The other day my better half wanted to order a product on the internet. Something which is most of the time an easy thing (discussion about whether this is good or bad some other time...) proved in case of this specific shop to be impossible. Reason: we obviously live on the wrong street, because it's name contains less than 5 characters, which apparently is not plausible...
See the screenshot below as a proof (in German).
Note: after some thought I chose to cut the web address of the shop in question. My point is not to blame anybody, we all make mistakes (and I most probably made the most of them...), but to trigger some thinking...
I looked a bit around and found a case where the street is required to have at least 3 characters. Note: the screenshot indicates a webpage of die Zeit.
This time my street passes the exam, which made me thinking: obviously there seems to be no general rule of how many characters a street name should contain. Why not? And what would be a good check for example for a street somewhere in Germany?
To my surprise, there is also a place called Elstertrebnitz with street names consisting of a single letter, with about 1300 inhabitants. I wonder if any of them ever managed to shop online... (if by chance any of you is reading this, drop me a line).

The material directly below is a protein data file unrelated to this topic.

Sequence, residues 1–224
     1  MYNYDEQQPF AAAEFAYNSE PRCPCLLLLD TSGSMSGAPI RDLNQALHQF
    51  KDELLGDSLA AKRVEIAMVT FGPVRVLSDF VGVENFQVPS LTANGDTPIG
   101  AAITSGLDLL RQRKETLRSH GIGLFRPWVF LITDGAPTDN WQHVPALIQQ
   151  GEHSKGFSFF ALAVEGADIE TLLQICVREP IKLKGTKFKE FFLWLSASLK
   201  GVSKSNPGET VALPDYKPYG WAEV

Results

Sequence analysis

To my original question, why there is no general consensus on how long a street name can be. I know there are services out there which you can pay to verify addresses. There is also free information, which I found not trivial to digest. While openstreetmap offers the data, to analyse this data seems not to be trivial. I spent a few hours reading some documentation:
without success (i.e. I was not able to generate a CSV file with street names in Germany having less than 3 characters). Reasons: my regex knowledge is not good enough, the query timed out, and the osmdata package does not seem to offer the possibility of CSV output. But I'm sure that this is a doable task for a more skilled person.
The Arte channel is showing a Dutch serial (German only) In one of the scenes, somebody mentions that no law can protect us from what goes wrong in the world, and that one possible solution is for as many people as possible to take responsibility. For themselves and for other people. The piece of advice: if you see something wrong, try to fix it yourself or try to help by talking to the persons who have a word to say. To follow my own advice: I'll send the shop an email pointing to the problem.
The other day I was reviewing a piece of code, where there was an assertion that the name of an R package should be at least 3 characters long. I choked and immediately remembered the problem described above. For completeness, here is the list of the CRAN packages: https://sketchplanations.com/by-monkeys. You'll see there that the first package name has only 2 letters.
Moral of the story: check your assumptions before turning them into assertions. Otherwise this will cost you work to fix them later when you'll proved wrong or, in the worse case, can cost you clients.
Make a promise. Show up. Do the work. Repeat.